Much of Romney’s address focused on the complex threat posed by Iran, but he did not propose specific solutions that differ from the Obama administration’s current policy of tightening sanctions and insisting that an Iranian nuclear bomb is intolerable. Romney did not say whether he would continue the current international diplomatic effort to persuade Iran to back off from the most worrisome elements of its nuclear program. Iran says the program is aimed only at peaceful nuclear energy and medical uses.

Romney said he would support Israel, the nation presumably most at risk if Iran acquired nuclear weapons, and charged that Obama’s poor relationship with Prime Minister Benjamin Netanyahu of Israel has helped embolden Iran and other adversaries.

‘‘I will reaffirm our historic ties to Israel and our abiding commitment to its security,’’ Romney said. ‘‘The world must never see any daylight between our two nations.’’

That was a reference to a remark Obama reportedly made to ‘‘put some daylight’’ between the United States and Israel early in his administration. Obama has since pledged many times to support Israel and his administration says ties between the two nations have never been stronger.

Romney said he would bulk up the US naval presence around Iran, something the Obama administration has done occasionally on an ad hoc basis. He said he would add to the Navy’s fleet, but did not say how he would pay for it.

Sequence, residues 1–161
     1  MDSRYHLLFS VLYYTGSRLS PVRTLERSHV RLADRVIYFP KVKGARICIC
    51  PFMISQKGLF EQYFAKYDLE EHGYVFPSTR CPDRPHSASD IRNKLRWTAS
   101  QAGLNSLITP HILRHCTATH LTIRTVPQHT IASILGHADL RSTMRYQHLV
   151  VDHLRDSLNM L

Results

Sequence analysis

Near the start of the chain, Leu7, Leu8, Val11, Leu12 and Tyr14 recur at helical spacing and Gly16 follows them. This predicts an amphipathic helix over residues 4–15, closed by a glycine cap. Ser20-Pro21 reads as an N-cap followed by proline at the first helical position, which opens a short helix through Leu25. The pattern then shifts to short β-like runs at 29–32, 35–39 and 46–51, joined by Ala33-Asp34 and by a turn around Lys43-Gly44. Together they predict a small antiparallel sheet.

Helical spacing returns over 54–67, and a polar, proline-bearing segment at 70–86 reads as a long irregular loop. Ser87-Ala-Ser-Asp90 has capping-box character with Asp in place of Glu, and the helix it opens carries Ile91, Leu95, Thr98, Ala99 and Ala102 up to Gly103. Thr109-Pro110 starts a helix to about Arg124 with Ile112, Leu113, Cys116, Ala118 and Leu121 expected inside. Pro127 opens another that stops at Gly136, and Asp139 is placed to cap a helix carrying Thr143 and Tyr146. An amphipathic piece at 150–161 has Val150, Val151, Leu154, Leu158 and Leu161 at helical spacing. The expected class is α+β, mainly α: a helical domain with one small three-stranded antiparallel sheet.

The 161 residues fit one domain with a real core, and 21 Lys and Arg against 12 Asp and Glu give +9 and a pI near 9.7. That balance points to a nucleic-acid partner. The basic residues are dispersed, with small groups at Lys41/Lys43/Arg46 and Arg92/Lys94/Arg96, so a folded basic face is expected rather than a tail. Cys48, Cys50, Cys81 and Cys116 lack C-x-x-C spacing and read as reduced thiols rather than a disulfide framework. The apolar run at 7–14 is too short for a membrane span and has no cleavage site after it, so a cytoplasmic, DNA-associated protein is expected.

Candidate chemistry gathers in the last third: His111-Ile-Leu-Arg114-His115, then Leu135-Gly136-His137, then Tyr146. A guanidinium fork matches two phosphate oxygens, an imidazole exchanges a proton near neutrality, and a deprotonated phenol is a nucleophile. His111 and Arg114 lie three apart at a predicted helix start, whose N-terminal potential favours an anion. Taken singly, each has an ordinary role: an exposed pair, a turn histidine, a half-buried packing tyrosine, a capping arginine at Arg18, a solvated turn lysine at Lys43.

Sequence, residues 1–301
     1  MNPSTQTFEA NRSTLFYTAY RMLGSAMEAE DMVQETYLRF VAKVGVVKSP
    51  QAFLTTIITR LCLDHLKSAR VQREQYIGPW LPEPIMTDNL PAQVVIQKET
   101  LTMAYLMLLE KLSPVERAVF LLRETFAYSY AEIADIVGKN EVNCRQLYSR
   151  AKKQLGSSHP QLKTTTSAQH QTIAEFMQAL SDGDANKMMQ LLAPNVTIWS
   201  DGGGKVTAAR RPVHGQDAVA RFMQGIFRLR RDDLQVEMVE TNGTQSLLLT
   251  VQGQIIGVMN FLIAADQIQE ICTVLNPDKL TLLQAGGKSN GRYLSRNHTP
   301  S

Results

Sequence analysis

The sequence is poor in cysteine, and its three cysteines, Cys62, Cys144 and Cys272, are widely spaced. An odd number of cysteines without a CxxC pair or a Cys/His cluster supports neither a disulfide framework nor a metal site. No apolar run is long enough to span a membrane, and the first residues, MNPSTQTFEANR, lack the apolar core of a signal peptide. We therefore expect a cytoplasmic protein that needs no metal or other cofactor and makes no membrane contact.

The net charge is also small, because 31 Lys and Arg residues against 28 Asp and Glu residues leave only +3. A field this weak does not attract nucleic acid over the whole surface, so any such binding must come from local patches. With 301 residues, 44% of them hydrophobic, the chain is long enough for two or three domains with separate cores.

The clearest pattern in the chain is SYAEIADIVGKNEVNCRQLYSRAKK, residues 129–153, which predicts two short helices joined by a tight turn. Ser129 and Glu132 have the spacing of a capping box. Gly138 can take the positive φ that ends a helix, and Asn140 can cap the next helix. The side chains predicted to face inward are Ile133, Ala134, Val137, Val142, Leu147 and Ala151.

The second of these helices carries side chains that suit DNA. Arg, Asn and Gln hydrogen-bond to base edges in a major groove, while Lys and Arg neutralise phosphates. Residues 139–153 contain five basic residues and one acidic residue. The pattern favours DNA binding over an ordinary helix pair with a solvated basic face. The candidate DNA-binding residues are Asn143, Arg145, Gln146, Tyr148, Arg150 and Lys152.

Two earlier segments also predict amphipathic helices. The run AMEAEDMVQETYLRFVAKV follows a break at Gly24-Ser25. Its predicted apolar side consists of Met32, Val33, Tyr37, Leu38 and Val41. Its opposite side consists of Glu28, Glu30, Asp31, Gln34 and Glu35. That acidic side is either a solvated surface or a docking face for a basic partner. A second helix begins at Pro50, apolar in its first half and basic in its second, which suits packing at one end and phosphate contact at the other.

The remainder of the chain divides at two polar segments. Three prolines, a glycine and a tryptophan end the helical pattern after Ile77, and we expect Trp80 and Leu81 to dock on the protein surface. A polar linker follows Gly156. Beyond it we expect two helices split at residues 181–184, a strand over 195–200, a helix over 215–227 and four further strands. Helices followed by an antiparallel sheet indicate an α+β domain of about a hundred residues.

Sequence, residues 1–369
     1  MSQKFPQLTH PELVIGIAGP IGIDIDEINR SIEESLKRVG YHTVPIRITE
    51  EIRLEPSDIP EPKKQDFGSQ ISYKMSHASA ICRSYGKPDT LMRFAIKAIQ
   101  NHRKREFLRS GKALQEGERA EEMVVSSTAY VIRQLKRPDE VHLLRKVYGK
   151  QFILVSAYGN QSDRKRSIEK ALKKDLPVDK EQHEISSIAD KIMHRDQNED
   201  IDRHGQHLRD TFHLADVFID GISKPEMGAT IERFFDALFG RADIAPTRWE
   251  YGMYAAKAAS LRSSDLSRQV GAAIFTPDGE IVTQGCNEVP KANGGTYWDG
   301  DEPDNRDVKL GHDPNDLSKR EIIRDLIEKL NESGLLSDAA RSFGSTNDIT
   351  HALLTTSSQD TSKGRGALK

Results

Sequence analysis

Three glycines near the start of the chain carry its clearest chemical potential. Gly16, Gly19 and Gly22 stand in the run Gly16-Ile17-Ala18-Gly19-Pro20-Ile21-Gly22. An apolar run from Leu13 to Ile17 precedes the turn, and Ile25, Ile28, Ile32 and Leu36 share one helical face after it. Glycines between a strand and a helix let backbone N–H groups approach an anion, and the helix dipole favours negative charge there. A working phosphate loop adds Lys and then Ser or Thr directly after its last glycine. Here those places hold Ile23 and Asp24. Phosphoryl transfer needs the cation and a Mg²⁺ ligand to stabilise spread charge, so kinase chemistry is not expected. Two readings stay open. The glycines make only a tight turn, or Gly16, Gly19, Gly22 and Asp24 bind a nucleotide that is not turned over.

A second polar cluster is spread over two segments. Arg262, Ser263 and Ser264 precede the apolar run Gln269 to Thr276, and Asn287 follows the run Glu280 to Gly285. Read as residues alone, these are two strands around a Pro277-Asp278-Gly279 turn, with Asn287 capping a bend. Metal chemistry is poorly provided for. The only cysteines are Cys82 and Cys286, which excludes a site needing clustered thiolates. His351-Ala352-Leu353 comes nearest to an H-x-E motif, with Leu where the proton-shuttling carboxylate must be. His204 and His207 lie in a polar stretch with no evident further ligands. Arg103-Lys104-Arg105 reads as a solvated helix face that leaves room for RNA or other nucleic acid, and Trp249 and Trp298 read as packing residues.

Romney also promised new conditions on foreign aid, including to Egypt. ‘‘I will make it clear to the recipients of our aid that in return for our material support, they must meet the responsibilities of every decent modern government,’’ Romney said.

In his comfort zone when focused on the economy, Romney has stumbled during his occasional forays into foreign policy. He offended his British hosts and Palestinian leaders during an overseas trip in July, failed to mention Afghanistan in his acceptance speech at the Republican National Convention, and was criticized for the timing of his attack on Obama’s handling of violence in Libya, in which four Americans were killed.

With increasing questions about the Obama administration’s handling of the Libyan violence — and with Romney gaining momentum from his widely praised performance in last week’s first debate — some analysts think the speech is well-timed.

Though Obama has consistently outpolled Romney on foreign affairs, that advantage has diminished. A Washington Post-ABC News poll conducted just before the first debate showed Obama with a five-point edge in who is more trusted to handle international concerns, down from the president’s double-digit advantage earlier in the year.

The Obama campaign, citing foreign policy achievements including the killing of bin Laden and the US military withdrawal from Iraq, is undeterred.

Madeleine Albright, the former secretary of state under President Clinton, said in a conference call with reporters that Romney’s speech was superficial. ‘‘To someone not totally into foreign policy, it sounds pretty good, but it’s really full of platitudes,’’ she said.